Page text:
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This article was originally published on the Takipi blog by Alex Zhitnitsky, and with their kind permission, we are sharing it here for Codeship readers. Java/Scala developer? Takipi replaces logging in production JVMs and lets you see the variable state that caused each log error and exception.
How to Choose Which AWS Region You Should Place Your EC2 Instance At
Ladies and gentleman, we’re ready to roll up the curtain on the Takipi Amazon Web Services server speeds benchmark for 2015. This year we’re welcoming a brand new region in Frankfurt, Germany, and crowning the fastest region for this year’s speed test. To do so, we’ve set up instances all around the globe and bumped a 10MB file from side to side to see how long would it take for it to complete its journey.
The testing first started a few years back when we wanted to have more data to help us choose where to host our first cluster of servers (spoiler alert: We’ve chosen Virginia). Since then, we’ve been running the benchmark once per year to get more insight into this rather dark terrain covered by the fog of cloud wars.
— Takipi (@takipid)
The Amazon EC2 Server Region Speeds for 2015
The 2014 results from the last benchmark
Woah, lots of changes! Let’s break it down and take a more insightful look at the data. Overall we’re seeing an average 40 percent improvement across all regions.
Combined Upload Times by EC2 Regions in 2015
Oregon is the fastest region, overtaking California’s seat from last year. With a cumulative upload time of 25 seconds, the Oregon region is the fastest choice. The general guideline is placing your servers as close as you can to your users: If you’re only starting out with AWS, Oregon is a good choice for global coverage.
Sao Paulo is the slowest region to upload from. We’ve seen major improvements in the speeds Australia is getting this year. These improvements now place South America as the slowest AWS region with a cumulative upload time of 46.1 seconds. The Virginia-Sao Paulo route provides pretty good results if you have many users from that region and want to have a good global coverage.
US regions remain the fastest choice for global coverage. The runner ups to Oregon are the two remaining US regions, Virginia and California, with cumulative upload speeds of 27 and 27.2 seconds.
For regions outside the US, Tokyo and Ireland came on top. Lagging a bit behind, Tokyo (30.2 Seconds) and Ireland (31.7 Seconds) were the best spots to place your server outside the US.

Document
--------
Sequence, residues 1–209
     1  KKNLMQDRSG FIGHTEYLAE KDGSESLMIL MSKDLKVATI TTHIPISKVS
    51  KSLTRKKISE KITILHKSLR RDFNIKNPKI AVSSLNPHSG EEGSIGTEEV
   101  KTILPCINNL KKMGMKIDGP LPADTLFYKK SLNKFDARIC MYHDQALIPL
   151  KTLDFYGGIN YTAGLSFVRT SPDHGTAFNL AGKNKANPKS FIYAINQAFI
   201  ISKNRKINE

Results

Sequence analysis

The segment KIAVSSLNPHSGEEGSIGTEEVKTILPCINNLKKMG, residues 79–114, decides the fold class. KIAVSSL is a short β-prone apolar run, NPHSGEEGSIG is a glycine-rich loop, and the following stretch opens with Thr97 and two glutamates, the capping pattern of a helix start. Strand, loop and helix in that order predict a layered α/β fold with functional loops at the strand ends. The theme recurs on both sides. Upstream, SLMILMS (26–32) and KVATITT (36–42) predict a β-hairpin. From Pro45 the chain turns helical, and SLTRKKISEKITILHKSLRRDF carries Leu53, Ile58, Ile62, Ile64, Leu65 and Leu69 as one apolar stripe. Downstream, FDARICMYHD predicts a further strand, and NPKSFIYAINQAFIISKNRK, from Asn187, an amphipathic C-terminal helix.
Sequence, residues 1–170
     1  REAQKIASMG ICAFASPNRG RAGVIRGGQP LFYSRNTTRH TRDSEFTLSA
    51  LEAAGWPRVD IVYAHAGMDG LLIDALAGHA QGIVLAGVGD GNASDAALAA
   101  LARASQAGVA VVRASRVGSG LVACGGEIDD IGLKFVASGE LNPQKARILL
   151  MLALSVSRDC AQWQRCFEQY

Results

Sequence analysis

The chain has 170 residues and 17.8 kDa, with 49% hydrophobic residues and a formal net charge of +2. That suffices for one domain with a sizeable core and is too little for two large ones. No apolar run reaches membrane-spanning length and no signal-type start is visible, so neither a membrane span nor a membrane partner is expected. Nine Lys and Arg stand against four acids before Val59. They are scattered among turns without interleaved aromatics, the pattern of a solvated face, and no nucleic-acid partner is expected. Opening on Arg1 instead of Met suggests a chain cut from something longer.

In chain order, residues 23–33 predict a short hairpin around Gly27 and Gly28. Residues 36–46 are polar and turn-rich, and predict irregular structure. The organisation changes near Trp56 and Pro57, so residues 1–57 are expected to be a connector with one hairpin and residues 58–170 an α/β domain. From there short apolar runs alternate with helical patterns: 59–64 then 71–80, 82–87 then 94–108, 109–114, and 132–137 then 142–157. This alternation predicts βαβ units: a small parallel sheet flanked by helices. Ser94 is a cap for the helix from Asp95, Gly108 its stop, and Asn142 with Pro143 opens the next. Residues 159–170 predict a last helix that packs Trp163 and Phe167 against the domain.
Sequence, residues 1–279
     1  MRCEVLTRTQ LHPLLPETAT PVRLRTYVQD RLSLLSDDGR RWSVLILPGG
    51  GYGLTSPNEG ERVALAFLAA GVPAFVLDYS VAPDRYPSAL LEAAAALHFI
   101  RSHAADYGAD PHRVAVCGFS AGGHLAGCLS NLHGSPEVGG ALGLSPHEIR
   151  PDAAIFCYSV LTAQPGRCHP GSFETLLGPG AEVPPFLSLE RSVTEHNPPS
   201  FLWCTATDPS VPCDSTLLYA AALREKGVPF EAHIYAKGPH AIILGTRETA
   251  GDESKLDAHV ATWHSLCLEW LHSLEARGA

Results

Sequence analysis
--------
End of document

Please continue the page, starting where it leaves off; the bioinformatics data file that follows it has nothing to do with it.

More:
The new Frankfurt region is the slowest in Europe. Ireland beats Frankfurt in all the tests. We don’t see a reason why you should host your servers there at the moment. Even the Ireland-Frankfurt link took just less than a second.
Unsurprisingly, the speeds within the same region were the fastest. Averaging 0.37 seconds, the in-region speeds were pretty much the same for every server we tested. This results is 43 percent better than the in-region results we’ve seen last year, 0.65 seconds.
Slowest Upload Speeds from EC2 to S3 in Each Region
The slowest upload speed recorded was Sao Paulo to Singapore. It took almost 9 seconds to complete a transfer between these two regions. Routing this traffic through Virginia might actually be a better choice.
The region with the minimum maximal time to complete a transfer is Oregon. If you’re looking at “worst case” performance scenarios, Oregon wins again. The slowest upload speed that we recorded was 4.32 seconds to Sydney.
Average Upload Times from EC2 to S3, 2013 vs 2014 vs 2015
The funny thing here is that on last year’s test, we had to remove Australia to make sense of the graph. The speeds in that region were so slow that we couldn’t compare the other regions because they messed up the scale the chart. This year, Australia is making a fierce comeback. So fierce that we have to remove results from previous years to make it readable.
Let’s clear up the graph by removing the 2013 and 2014 results from Sydney
We see an average improvement of 40 percent across all AWS compared to last year. Amazon speeds are getting better year by year with better infrastructure, and more servers across more availability zones within regions that help handle the pressure. With a 32 percent improvement from 2013 to 2014, and 40 percent between 2014 and 2015, AWS is getting much more faster.
To run this test we’ve set up EC2 instances (m3.xlarge) and S3 buckets in all Amazon AWS server regions currently available and timed how long it would take to transfer 10MB in each direction.
We went for a dozen rounds, removing best and worst scores before averaging. This left us with 10 valid scores to average, which seems to us like a fair number. There are currently nine available AWS regions — three in the US (Oregon/California/Virginia), one in South America (Sao Paulo), two in Europe (Dublin and a new region in Frankfurt), two in Asia (Singapore/Japan), and one in Australia. The new region in China is not publicly available yet, so it wasn’t included in the test (for more information about speeds in China, check out this blog post by Adam Winn from OPSWAT).